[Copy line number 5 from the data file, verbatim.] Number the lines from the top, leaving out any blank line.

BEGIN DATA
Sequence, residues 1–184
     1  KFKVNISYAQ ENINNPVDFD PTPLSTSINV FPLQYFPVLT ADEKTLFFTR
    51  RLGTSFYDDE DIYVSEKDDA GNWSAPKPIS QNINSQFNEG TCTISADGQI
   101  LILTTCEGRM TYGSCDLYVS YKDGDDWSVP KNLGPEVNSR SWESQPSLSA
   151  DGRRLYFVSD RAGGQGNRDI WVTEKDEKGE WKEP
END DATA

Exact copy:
   151  DGRRLYFVSD RAGGQGNRDI WVTEKDEKGE WKEP